Just to be clear, the creators of Pop-Up Magazine aren't trying to outdo print mags.
The San Francisco event they've invented–the third issue happened this weekend to a sold-out Herbst Theater–is a stage show aimed to bring the best of magazines into "the medium of live," as Editor-in-Chief Doug McGray told me (his collaborators are Derek Fagerstrom, Lauren Smith, Maili Holiman, Evan Ratliff, and Dave Cerf). Pop-Up's got a masthead and table of contents, shorts, features, even integrated ads, and many of the contributors make their livings through words and images on the page (there are also film-makers and radio producers). There they all were, behind not laptops but a podium, spot-lit and performing.
Disclosures: Doug's a friend, and I worked with my Youth Radio colleague Brandon McFarland on his contribution to Pop-Up's first issue. But this time around, from my vantage point in the audience, I couldn't help but notice five things Pop-Up does better than print.
• Urgency: The show sold out in minutes (while print mags struggle to hold their advertisers). And then there was an after-party (see #5) that required special tickets of its own. I felt myself getting physically riled up booking my own tickets, as each little "available seat" icon blinked off before my eyes. Hate to say it, but that kind of flurry changes the way you think about an evening of journalism.
• Ephemerality: It's live, as in, no digital record. There's novelty now in content that's over and gone once it's done its thing.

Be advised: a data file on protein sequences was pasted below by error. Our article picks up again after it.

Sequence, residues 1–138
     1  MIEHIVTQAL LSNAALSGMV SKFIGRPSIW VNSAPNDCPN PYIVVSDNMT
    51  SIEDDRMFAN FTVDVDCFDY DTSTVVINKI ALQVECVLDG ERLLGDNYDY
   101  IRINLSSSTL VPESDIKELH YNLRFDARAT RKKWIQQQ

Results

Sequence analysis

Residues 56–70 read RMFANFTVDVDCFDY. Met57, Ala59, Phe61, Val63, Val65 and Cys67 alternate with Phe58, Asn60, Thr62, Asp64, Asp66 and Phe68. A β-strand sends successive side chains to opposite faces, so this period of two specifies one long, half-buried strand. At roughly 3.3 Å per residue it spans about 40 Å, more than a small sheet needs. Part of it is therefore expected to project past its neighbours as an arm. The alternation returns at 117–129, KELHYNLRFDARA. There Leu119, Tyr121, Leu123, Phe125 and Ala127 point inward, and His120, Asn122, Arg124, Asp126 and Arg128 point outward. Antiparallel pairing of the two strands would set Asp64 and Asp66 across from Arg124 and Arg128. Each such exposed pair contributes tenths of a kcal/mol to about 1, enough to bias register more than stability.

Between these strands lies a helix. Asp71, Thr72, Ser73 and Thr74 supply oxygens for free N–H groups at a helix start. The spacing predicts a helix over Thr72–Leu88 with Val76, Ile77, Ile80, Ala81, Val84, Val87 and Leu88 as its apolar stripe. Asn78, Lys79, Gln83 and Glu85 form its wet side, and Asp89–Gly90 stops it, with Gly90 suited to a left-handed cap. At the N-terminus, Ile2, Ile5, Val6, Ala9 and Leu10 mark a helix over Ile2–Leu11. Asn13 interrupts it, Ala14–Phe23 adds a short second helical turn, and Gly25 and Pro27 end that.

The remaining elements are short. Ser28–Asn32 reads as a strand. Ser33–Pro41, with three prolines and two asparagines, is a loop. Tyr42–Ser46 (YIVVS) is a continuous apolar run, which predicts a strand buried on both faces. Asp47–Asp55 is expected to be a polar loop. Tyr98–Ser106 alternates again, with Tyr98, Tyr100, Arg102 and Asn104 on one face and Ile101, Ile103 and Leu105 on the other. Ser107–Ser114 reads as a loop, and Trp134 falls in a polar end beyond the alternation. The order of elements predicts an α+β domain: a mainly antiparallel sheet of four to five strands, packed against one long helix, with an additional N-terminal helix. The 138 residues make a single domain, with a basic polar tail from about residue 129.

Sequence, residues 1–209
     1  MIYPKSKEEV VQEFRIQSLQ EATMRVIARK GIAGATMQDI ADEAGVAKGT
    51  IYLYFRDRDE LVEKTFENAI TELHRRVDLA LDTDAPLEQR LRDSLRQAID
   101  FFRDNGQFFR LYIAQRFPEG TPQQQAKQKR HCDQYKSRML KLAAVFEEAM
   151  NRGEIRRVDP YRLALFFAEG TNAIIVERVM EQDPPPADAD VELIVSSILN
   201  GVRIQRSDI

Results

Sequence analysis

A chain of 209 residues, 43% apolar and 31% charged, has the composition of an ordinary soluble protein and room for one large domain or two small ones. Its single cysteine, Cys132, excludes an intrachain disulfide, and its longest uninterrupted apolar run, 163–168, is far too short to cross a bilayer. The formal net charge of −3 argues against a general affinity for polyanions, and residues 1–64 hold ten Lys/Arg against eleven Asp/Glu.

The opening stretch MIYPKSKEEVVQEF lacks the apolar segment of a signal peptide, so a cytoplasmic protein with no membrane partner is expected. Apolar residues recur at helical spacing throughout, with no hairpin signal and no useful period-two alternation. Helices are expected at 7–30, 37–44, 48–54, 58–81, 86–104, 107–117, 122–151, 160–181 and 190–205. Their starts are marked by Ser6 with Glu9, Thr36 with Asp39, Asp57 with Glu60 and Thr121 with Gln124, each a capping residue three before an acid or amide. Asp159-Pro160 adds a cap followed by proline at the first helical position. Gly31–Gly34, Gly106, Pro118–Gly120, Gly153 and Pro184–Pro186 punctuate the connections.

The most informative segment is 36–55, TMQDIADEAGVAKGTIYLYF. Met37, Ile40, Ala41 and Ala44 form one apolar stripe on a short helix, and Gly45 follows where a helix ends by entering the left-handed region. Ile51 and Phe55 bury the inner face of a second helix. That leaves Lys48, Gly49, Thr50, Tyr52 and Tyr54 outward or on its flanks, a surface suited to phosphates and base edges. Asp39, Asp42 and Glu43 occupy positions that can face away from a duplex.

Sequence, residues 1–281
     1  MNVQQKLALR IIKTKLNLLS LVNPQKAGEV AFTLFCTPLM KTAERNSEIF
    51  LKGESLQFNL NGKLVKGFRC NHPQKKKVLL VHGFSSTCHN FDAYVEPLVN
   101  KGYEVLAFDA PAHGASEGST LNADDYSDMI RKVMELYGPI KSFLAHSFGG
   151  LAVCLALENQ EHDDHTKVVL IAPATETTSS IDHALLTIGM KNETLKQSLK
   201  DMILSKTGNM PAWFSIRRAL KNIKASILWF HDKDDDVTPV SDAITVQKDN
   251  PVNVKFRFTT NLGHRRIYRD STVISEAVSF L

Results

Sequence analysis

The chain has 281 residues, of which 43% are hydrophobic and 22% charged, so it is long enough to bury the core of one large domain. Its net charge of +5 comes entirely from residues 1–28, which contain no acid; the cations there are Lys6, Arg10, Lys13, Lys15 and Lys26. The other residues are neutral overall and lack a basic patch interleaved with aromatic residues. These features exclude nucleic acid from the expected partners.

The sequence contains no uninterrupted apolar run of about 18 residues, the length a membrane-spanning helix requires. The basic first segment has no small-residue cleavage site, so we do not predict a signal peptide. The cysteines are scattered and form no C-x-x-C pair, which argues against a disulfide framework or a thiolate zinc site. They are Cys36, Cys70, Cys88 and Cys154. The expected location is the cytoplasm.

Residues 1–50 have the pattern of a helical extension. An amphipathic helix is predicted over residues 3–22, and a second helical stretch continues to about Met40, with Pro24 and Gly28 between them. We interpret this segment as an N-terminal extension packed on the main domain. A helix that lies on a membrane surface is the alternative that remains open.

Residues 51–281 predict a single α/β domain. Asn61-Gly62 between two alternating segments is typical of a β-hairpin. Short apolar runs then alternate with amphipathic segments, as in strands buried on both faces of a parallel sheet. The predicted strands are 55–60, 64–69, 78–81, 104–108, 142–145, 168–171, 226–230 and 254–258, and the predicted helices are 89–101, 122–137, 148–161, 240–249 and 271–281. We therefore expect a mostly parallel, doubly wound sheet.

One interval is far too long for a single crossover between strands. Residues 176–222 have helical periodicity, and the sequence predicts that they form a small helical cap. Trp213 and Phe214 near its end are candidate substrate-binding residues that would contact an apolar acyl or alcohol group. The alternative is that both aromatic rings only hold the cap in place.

• Spontaneity: There was this moment early in the show when the writer Jennifer Kahn was wrapping up her story about her 80-something-year-old dad's unlikely ascent in competitive weightlifting. When a home-video clip of his win ended, the man himself strolled onto the stage, trophy raised. It was pretty awesome, that unexpected shift from media to live. Across the show, the mix of off-the-cuff, scripted, and produced elements meant you never knew what was going to happen next.
• Draftiness: Pop-Up is unrehearsed. Many of its segments are built around bits and pieces of things that either aren't finished or didn't make a final cut. Like Josh Harkinson's photo presentation of his canoe trip through a hideously polluted Texas waterway. He closed by saying he'd pitched the story to Outside Magazine and they said no, they don't do stories like that. Moments like that one give live-audience "readers" a feeling that they're in on a process that otherwise only happens behind closed doors.
• Party: For his segment on food justice, the writer and chef Bryant Terry showed slides of his Oakland neighborhood's backyard edible gardens, which included Meyer lemon trees, which happened to be a main ingredient in a drink he then proceeded to mix onstage and plug as the special cocktail that would be served during the after-party in the Herbst's soaring green room. I've never been to a print magazine release party, and I'm sure they're fabulous. But the difference here is, there's less of a gap, format and vibe-wise, between the content and the celebration.
So, given all that Pop-Up has appropriated from print magazines, now I'm wondering, what can print mags steal back?